Outside Pi Theatre’s workspace in Strathcona, it’s a picture-perfect spring day: blue sky, sunlight glinting off the dewy grass, early promise. It’s incongruous with what’s happening inside, where director Richard Wolfe is leading rehearsals for Blasted, a work so notorious for its violent subject matter that this is, according to Wolfe, only Canada’s second professional English-language production in the play’s 20-year history.
Blasted is not for the weak of stomach, and there is plenty to be shocked by in the late playwright Sarah Kane’s script, including rape, cannibalism, an eye-gouging, and other torture. When it debuted in London in 1995, the Daily Mail’s Jack Tinker called it a “disgusting feast of filth”. The outraged masses ensured its overnight infamy, but it’s Kane’s complex writing that ensured its continued relevance—and that it would eventually attract the attention of Wolfe, who is also Pi Theatre’s artistic director.
“The DNA of the company is to do uncompromising work—unapologetic work that has both an emotional charge and an intellectual charge,” Wolfe says. “We thought that Blasted had that in a big way.”
Blasted marks Pi’s 30th anniversary, and it certainly meets the company’s mandate of “uncompromising and unapologetic”. Kane started writing it when she was an undergrad, deeply disturbed and influenced by the Bosnian War and reports of rape camps in the battle zone. Blasted unfolds over five scenes, depicting the increasingly awful interactions between a vile, sleazy journalist, a young, naive woman, and a battle-scarred soldier. It’s set in a fancy hotel room in Leeds, but midway it’s revealed that there’s suddenly a war zone outside. The violence inside the hotel room escalates until the production’s shattering, humane conclusion.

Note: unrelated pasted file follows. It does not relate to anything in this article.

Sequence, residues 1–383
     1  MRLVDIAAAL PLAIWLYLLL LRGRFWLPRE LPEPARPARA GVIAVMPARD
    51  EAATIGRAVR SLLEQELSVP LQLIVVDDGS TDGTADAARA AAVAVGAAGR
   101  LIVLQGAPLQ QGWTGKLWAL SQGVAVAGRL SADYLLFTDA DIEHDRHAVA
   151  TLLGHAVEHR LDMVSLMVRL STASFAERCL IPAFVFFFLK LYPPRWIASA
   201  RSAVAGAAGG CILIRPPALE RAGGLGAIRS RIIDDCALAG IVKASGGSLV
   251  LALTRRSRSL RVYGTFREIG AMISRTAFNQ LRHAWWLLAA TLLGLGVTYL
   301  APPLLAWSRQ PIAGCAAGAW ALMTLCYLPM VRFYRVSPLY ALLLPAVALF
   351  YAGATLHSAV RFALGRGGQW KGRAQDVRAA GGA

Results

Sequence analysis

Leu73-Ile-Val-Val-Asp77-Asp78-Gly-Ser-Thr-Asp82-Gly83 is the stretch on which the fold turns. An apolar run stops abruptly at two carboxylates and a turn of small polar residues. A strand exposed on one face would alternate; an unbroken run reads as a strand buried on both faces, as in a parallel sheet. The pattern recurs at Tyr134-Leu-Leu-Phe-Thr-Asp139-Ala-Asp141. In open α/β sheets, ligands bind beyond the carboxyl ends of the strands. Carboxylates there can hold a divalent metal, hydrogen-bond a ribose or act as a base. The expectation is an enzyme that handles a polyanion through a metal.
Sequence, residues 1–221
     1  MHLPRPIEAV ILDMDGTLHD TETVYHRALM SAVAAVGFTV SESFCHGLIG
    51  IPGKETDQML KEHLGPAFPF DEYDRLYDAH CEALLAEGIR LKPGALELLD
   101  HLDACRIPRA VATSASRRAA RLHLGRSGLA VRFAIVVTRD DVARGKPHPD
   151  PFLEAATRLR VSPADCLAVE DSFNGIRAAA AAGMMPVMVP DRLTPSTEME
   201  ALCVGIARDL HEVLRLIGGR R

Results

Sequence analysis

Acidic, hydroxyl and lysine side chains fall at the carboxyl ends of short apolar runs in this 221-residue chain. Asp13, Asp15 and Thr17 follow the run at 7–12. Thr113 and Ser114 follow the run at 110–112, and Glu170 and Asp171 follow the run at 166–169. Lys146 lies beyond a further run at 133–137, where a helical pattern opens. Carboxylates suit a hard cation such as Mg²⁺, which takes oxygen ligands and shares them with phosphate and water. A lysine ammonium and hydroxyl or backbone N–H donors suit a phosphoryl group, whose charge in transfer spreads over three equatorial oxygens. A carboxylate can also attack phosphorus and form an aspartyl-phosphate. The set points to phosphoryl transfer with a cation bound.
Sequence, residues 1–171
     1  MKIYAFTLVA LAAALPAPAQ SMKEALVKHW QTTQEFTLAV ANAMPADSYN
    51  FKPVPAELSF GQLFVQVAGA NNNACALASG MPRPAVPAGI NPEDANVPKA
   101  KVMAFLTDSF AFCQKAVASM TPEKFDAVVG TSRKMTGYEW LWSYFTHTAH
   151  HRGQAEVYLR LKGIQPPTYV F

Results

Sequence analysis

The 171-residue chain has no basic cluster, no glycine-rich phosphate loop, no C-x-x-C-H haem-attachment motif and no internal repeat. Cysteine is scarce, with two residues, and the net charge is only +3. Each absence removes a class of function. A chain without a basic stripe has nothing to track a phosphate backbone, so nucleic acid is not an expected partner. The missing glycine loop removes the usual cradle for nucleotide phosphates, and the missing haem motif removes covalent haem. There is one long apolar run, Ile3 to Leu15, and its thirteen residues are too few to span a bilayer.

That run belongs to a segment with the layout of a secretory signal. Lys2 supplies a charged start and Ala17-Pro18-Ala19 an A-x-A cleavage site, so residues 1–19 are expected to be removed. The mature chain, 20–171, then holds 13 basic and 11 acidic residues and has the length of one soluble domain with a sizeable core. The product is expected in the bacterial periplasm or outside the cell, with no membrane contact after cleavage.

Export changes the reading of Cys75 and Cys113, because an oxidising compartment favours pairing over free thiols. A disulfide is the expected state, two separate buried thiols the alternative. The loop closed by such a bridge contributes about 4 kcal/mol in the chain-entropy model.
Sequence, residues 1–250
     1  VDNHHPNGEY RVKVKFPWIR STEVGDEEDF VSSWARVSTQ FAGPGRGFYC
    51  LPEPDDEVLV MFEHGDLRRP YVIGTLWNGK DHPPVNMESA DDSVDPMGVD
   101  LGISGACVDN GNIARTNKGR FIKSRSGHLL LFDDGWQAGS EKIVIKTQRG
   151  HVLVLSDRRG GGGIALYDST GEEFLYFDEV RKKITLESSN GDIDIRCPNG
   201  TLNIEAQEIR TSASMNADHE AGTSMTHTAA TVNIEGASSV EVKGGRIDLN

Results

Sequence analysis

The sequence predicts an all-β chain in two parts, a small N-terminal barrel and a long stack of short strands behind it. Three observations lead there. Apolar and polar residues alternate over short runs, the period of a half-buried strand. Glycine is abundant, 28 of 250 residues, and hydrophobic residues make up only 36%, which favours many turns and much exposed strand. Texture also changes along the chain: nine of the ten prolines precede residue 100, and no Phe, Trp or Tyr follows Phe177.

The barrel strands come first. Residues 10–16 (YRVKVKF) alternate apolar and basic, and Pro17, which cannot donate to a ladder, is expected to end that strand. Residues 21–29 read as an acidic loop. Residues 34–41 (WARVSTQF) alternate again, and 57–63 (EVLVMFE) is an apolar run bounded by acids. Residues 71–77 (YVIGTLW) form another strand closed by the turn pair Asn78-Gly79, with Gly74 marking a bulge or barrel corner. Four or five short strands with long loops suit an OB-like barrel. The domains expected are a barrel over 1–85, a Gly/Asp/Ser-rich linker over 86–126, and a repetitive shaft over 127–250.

“It was very unlikely that the Bosnian War was going to arrive on the doorstep of a Leeds, England, home, but today that’s exactly what we’re told will happen in our current, seemingly endless, war,” Wolfe says. “That the war will literally be on our doorstep. That threat is justifying our involvement overseas, our military involvement. We’re one of only two NATO countries bombing Syria right now. In many ways, this show is a cautionary tale about war, about the real impact and effects of the war and the violence. It’s not clean, it’s not sterile.”
Blasted isn’t just shock value, either. It isn’t a violent play, but rather a play about violence.
“Sarah Kane hated Quentin Tarantino,” Wolfe says. “She’s not interested in cartoon violence. Her plays have a real moral purpose and explore deep themes, and help us realize that, no, we’re not going crazy. We’re being told a bunch of things. Art often does that: it doesn’t always give us answers, but it helps to clarify situations. I think this helps in that regard. It shows how violence is linked: small-scale violence and the institutionalized violence of war really exist on the same continuum—the ideas of power and the need to act out power.”
It’s not a “splatterfest”, Wolfe says, and after all of the horrific things the characters do to each other and to other people, the show actually ends on a compassionate note. Kane herself once said all her plays were love stories. Blasted, despite its reputation, is no different.
“Compassion is a choice,” Wolfe says. “We either dehumanize people so that we can justify any number of things.…or we see them as people and we have empathy and compassion. That’s the question of this [play]. It’s not giving us a road map on how to be better people.”
Pi Theatre’s Blasted runs from Friday (April 10) to April 25 at Performance Works.